In Their Skin
Jeremy Power Regimbal
Mixed in with this set up is the element of grief and defeatism with successful young couple Mary (Selma Blair) and Mark (Josh Close) grieving the death of their daughter while on a cottage trip with their surviving son Brendon (Quinn Lord). While Mark tries to hold his family together and rebuild a bond in the face of tragedy, Mary escapes from reality with wine and distancing introspection.
Contrasting this dynamic as mirrored by the visual palette is the arrival of neighbours Bobby (James D'Arcy) and Jane (Rachel Miner) along with their son Jared (Alex Ferris) early one morning with the unlikely gift of firewood and wide-eyed envy. Demonstrating off kilter body language and a strange backwoods story of living isolated without a car, they weasel their way into a culinary invite, exploiting Mark's sense of propriety and social etiquette, much to Mary's annoyance.
The strength of this compelling, yet distressing and anxiety inducing, examination of social performance, comes from the unsettling sense of impending chaos as Bobby and Jane demonstrate increasingly erratic behaviour at the central dinner party. Mary drinks and mutters veiled snide remarks while Mark tries to hold things together by asking generic small talk questions about employment and demographic background. What's discomforting about this setup, beyond the inconsistencies in back story and passive-aggressive politeness is the fact that Bobby and Jane appear to be mirroring the speech and behaviours of their hosts while asking them increasingly invasive questions.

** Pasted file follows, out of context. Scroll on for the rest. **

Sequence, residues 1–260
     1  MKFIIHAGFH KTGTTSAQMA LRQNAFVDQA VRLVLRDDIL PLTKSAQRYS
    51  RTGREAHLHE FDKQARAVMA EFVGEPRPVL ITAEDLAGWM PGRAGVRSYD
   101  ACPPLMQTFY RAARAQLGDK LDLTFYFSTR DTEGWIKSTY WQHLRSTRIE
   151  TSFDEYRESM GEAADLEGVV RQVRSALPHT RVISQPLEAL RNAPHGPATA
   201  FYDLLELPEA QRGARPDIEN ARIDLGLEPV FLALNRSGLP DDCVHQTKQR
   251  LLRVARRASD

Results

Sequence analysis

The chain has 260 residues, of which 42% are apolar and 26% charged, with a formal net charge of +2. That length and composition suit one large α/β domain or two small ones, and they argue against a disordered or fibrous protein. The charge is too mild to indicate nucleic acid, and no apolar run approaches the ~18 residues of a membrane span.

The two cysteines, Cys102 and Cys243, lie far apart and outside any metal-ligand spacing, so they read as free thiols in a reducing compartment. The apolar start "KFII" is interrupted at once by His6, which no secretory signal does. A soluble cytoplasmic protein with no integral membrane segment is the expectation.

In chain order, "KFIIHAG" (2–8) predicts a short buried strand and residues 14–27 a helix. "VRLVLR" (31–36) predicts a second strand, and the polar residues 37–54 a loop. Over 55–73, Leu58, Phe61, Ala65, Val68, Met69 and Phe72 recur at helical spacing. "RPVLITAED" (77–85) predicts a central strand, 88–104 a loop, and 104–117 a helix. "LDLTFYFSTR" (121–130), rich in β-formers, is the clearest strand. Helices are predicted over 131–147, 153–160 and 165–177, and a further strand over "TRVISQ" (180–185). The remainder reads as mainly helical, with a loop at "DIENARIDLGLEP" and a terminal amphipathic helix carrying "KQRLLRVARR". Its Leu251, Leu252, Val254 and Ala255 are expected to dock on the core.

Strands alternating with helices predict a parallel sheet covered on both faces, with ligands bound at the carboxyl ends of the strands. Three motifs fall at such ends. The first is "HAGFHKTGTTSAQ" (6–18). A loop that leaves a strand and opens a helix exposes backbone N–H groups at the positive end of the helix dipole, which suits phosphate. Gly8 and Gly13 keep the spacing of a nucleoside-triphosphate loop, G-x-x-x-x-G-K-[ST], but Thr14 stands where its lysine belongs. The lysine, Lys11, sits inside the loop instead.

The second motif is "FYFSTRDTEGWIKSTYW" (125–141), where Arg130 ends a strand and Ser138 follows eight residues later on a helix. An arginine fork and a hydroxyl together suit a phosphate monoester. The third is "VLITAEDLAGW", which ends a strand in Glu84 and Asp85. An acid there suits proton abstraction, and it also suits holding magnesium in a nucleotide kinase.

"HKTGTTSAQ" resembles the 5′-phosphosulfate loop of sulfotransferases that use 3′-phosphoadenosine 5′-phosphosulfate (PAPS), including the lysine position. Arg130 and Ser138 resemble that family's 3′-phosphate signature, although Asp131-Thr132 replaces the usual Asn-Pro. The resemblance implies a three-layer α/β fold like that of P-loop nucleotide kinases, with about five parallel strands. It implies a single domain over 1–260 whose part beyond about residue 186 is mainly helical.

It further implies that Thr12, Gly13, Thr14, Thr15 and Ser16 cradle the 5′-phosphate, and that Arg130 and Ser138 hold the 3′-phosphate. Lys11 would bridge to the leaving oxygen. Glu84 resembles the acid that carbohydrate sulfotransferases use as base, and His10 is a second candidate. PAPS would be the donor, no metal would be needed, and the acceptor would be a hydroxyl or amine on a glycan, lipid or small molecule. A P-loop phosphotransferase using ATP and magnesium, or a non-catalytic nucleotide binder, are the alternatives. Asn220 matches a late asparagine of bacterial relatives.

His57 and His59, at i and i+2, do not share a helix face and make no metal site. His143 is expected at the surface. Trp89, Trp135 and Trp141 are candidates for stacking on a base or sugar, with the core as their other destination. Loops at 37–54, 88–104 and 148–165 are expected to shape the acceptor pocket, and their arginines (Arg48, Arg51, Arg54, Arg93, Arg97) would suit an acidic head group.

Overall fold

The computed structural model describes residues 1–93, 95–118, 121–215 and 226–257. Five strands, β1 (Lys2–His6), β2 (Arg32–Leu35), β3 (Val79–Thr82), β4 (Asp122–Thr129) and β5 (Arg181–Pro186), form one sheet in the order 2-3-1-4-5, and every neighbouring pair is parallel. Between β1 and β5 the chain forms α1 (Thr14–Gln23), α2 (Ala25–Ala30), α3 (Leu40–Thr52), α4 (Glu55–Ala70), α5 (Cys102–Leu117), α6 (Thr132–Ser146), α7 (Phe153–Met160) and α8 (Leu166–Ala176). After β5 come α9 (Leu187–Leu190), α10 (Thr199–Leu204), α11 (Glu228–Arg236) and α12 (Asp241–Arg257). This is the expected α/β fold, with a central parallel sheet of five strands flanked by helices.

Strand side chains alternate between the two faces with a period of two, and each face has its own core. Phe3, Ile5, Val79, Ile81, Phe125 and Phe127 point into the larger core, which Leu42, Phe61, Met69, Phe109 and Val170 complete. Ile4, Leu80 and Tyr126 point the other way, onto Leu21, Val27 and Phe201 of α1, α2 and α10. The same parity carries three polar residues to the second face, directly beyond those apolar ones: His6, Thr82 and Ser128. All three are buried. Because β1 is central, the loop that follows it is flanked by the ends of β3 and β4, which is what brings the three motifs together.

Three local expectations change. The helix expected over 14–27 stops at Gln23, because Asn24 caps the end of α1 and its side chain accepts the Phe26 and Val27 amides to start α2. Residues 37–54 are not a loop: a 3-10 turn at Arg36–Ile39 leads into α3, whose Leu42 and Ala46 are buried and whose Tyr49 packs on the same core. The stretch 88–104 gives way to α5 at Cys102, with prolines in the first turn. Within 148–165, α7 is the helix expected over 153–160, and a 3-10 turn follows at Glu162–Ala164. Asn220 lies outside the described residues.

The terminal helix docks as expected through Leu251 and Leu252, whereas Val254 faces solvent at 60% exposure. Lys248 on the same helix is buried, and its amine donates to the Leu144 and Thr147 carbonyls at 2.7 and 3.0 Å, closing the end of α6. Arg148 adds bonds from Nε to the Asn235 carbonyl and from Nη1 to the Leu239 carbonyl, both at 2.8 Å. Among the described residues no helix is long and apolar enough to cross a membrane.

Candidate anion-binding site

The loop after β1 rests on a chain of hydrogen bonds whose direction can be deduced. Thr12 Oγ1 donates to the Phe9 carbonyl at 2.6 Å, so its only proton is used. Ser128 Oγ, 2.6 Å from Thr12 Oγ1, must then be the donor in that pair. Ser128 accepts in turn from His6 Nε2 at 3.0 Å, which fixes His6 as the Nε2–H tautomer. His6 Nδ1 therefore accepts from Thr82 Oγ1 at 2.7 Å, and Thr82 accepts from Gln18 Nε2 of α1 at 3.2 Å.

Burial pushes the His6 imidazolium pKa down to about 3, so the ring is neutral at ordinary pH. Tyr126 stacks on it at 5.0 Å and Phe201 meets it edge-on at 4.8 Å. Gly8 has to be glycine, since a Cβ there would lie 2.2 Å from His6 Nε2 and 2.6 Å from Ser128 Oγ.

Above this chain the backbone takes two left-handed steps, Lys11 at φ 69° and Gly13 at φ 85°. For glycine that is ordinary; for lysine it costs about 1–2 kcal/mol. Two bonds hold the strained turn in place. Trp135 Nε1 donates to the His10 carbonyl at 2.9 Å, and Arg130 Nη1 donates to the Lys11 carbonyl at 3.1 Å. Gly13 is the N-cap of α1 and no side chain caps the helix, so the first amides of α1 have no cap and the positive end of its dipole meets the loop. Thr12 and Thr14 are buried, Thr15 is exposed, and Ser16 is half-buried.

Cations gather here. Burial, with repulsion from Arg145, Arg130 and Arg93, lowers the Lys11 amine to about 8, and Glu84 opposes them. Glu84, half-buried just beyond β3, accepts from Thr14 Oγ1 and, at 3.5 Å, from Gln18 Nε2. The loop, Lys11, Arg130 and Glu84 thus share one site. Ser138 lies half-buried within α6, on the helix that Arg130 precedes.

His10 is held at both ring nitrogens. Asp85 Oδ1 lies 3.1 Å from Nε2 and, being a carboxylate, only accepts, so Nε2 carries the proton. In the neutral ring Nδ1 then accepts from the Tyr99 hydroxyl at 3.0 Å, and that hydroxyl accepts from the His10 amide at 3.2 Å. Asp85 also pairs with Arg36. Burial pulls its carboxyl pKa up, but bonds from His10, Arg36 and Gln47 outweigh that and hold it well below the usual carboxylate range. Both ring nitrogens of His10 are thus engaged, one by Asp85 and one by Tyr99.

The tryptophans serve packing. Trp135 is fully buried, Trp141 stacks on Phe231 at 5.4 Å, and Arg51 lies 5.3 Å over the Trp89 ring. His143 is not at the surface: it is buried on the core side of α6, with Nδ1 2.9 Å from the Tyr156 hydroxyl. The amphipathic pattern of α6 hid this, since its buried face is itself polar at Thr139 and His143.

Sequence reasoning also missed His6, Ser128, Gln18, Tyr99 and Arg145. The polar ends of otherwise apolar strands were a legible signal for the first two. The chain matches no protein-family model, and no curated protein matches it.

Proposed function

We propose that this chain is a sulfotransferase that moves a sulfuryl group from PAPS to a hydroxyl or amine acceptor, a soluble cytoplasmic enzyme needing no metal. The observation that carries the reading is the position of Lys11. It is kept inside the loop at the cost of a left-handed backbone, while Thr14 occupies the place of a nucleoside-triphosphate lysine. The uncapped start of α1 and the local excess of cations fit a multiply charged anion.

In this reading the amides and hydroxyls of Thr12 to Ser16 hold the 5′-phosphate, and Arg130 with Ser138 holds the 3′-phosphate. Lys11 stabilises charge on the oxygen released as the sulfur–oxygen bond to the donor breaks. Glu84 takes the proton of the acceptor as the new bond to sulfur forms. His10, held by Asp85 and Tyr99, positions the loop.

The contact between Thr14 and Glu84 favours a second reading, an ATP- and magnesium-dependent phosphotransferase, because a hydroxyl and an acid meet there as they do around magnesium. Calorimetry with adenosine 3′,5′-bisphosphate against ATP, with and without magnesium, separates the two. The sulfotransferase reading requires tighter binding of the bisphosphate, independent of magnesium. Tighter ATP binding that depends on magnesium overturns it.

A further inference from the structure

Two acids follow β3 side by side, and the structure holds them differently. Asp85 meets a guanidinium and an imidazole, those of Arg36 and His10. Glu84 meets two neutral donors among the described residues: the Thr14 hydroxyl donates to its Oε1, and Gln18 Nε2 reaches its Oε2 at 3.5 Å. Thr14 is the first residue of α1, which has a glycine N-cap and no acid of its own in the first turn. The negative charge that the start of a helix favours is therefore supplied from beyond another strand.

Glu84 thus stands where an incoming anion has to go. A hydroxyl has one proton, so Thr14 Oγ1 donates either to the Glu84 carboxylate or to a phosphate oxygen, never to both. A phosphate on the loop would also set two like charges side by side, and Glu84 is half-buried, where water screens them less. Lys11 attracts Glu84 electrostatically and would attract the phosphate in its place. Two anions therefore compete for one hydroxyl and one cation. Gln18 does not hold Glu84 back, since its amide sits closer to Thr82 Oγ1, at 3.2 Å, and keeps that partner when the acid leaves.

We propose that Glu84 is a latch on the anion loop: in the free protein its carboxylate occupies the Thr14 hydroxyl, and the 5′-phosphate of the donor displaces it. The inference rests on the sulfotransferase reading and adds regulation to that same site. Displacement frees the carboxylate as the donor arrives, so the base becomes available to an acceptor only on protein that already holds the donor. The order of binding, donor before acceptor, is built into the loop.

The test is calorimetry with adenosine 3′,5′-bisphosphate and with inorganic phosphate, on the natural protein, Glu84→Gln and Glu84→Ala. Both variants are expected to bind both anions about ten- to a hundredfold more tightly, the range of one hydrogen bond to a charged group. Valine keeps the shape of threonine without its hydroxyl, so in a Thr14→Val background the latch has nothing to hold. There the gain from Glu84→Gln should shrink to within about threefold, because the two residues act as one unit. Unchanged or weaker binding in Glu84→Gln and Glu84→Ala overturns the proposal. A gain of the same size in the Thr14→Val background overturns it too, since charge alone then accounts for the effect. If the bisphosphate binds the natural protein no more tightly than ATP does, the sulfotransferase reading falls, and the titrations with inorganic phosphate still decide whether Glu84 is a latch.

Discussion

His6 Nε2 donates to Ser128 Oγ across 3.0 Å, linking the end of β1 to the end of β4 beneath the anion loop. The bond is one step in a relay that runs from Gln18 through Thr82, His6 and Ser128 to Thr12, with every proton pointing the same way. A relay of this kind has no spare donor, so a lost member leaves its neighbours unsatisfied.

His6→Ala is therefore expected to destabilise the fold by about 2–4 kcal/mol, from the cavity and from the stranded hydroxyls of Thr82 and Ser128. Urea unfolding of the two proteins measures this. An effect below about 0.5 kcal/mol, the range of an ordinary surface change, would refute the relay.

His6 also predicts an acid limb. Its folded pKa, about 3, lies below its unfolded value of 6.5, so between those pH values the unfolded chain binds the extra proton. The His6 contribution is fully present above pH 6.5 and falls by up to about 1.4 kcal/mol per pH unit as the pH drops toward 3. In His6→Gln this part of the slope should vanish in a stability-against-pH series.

In addition to using an imperiled family unit as metaphor for fighting grief in the face of tragedy, In Their Skin tackles the concept of success and identity as cultural performance within a vacuum of self-involvement. When living the dream or demonstrating one's external adherence to a dominant socio-economic ethos by buying big houses or parking expensive, inefficient cars in our driveways, the unspoken goal is to impress others or inspire jealousy, thus proving ourselves superior. What this genuinely creepy and smartly low-key thriller suggests is that this bid for validation may inadvertently attract the wrong kind of attention. (Kinosmith)
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